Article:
I chickened Out!

OK, I chickened out on the pizza for Friday night’s dinner. I mean literally! I decided to go with a roasted chicken for dinner.

Right, following the theory that my husband doesn’t find pizza a comfort food due to ‘cultural education difference’ and knowing that he was having a bad day to finish off a bad week, I decided to make dinner special for him. This didn’t include lots of gooey cheese or anything involving crusts. (I felt limited at this point.)

But I came through. Our new oven has a rotisserie for whole species of the fowl family. Great way to do up a perfectly roast chicken without burning the bottom of it. Let the fat drip off the bird and onto the lèche frite away from the meat, away from our arteries, leaving nothing but succulent, juicy and lean meat for the family.

Sounds pretty healthy, huh? Maybe, maybe not. Right now you’re probably wondering, what is a lèche frite. To tell you the truth, I’m still searching myself.

What my husband has suddenly started referring to as a (literally translated here for full effect) “fry lick” is a large black cookie tray built to fit into the groves for the oven rack. It spans the entire baking area in the oven. What I find very interesting is that this lèche frite, comes with every French oven sold in France and has been commonplace in a French kitchen for at least 20 years.

My mother-in-law uses hers to bake her homemade meringues. My girlfriend uses hers to heat up hors d’oeuvres. They are more economical to use than traditional American cookie trays since you can get more on them than ours. You spend less money on electricity for baking purposes.

I’ve had one of these lèche frites since we bought our first oven 8 years ago but almost never used it. My first and main problem was that these lèche frites are always black. After burning my first batch of cookies on mine, I turned to the French culinary queen: my mother-in-law. She suggested that I line the tray with aluminum foil, which I did. The second ordeal involving my lèche frite consisted of me trying to peel the foil off the bottom of the second batch of burnt cookies. Verdict: sentenced to the never opened bottom drawer located just under the oven. End of story, right?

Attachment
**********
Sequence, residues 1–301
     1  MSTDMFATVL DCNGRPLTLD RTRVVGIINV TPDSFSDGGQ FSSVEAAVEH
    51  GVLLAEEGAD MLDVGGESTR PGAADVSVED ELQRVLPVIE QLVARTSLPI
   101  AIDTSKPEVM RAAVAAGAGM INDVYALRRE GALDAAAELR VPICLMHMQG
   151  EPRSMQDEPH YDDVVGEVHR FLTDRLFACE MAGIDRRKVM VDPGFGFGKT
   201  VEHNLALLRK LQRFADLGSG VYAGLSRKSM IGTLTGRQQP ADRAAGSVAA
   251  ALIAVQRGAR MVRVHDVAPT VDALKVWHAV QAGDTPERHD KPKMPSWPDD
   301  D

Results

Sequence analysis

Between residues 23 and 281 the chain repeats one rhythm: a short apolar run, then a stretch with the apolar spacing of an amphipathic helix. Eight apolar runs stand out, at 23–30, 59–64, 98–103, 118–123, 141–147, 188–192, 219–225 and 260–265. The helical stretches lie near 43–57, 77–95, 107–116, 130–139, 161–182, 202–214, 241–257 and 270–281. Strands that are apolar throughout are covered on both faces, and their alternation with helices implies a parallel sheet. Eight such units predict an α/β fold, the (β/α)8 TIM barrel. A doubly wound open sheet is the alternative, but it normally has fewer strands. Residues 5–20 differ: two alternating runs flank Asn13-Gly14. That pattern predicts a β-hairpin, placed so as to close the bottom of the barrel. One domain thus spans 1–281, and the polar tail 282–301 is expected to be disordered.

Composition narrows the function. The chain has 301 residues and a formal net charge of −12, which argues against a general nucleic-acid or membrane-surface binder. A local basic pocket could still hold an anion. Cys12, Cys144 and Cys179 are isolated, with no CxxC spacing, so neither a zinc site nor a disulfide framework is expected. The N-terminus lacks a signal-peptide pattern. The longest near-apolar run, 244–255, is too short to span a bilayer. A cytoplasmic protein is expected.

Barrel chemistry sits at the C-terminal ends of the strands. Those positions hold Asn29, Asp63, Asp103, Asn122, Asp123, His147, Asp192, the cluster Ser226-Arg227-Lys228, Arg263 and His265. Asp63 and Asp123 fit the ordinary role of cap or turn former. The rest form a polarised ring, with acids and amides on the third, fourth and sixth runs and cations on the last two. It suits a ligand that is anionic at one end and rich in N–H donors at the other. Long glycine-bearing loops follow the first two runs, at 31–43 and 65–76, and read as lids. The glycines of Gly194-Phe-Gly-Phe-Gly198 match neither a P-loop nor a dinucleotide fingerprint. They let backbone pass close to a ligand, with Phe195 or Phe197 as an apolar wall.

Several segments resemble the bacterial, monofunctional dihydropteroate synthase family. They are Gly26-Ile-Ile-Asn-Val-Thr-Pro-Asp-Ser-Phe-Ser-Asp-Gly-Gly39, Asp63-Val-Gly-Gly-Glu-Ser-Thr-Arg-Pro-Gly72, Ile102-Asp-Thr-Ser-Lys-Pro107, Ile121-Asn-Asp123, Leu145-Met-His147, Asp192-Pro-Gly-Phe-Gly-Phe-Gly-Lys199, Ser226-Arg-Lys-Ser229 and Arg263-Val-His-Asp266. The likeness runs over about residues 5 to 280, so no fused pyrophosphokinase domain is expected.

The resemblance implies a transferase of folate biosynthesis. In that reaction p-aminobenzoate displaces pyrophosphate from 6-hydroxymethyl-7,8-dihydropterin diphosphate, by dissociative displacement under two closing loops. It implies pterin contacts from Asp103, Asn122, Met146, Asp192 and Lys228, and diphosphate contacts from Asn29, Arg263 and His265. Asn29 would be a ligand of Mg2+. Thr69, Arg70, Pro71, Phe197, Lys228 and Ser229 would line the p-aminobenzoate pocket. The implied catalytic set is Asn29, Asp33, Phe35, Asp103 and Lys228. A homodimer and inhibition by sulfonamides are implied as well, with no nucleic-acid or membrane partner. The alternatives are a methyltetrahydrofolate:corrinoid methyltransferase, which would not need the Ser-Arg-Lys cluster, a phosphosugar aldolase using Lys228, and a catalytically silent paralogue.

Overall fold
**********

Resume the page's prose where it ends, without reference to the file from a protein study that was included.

Wrong. Now that we have this fancy rotisserie function, I finally learned (8 years later no less!) that this ‘tray’ had a name and a real function: catch the drippings when you have a chicken suspended in the middle of your oven, slowing turning round and round and round for two hours. Since it covers the entire bottom surface of the oven and it fits in the lowest groove of the oven rack groves, it’s ideal for catching the fat dripping off the bird without any mess burning, blackening or smoking off the oven’s hot bottom.

OK. Now that we’ve got a clear idea of the “intended” purpose this object, why in the world would the French call it a “fry lick”? I mean think about it. First of all, what gets “licked” in the oven? (I’m not talking about sending the dog in to try a quickie-cleaning job either.)

And secondly, what gets “fried” in an electric oven? I’ve always thought of ovens as being something used for “baking” items. There is also the “broil” option, cooking with the heat coming from above the food. If you’re lucky and live in France like me, your oven probably also has the rotisserie option. Still it’s a kind of baking, rotating the food in midair.

My first image when my husband told me the name of this tray was of someone licking a
French fry. Not my average daily mind image. Secondly, I thought of a flame of fire licking the bottom of a cauldron. That might explain the where the word “lèche” or “lick” comes from. But still, my oversized cookie tray doesn’t come up and lick my chicken (ever!)

And if you were to use a real fire to cook the food, how could it lick anything frying if the tray was placed between the fire and the food? Also, if you were cooking over an open flame, wouldn’t you want to keep the space between the meat and the fire open so the heat would cook it and not put a tray in between the two? I don’t know maybe it’s one of those French logic things that come with being born in the country.

I’m sure my husband has an excellent answer to this puzzle. Perhaps I’ve spelt the whole thing wrong, or understood incorrectly. A slim possibility but one that shouldn’t be ruled out nonetheless. (That, of course, is a joke.) He’ll probably tell me something like,

“The history of this “lèche frite” comes from the XVI century when King What’s-His-Name the XV ordered the head chef to collect all the fried fat from the meat so that he could lick it all up later.”

I made that up so don’t believe that one!

While my husband will probably have a field day with this entry and the origin of the word “fry lick” suffice it to say that the chicken was fabulous simply prepared with a sea salt rub and stuffed with some fresh garlic cloves, peeled. Served with fried potatoes and homemade applesauce for dessert, it was an excellent way to kick off the weekend. (All served with a kicking gravy sauce!) The kids love roasted chicken and who doesn’t like fried potatoes? It was a memorable moment around a un-fried, un-licked chicken.


Anonymous Anonymous said...

We also had chicken this week in the over. It was skinless and based in herbs and olive oil. A very taste meal, indeed.

As far as Pizza. When you and your entourage come to the US in December, encourage your hubby to enjoy the wonderful Italian/American cuisine of a good ole delivery Pizza (Graziano's preferred).

Bon Journo

7:29:00 PM  

Post a Comment

Links to this post:

Create a Link

<< Home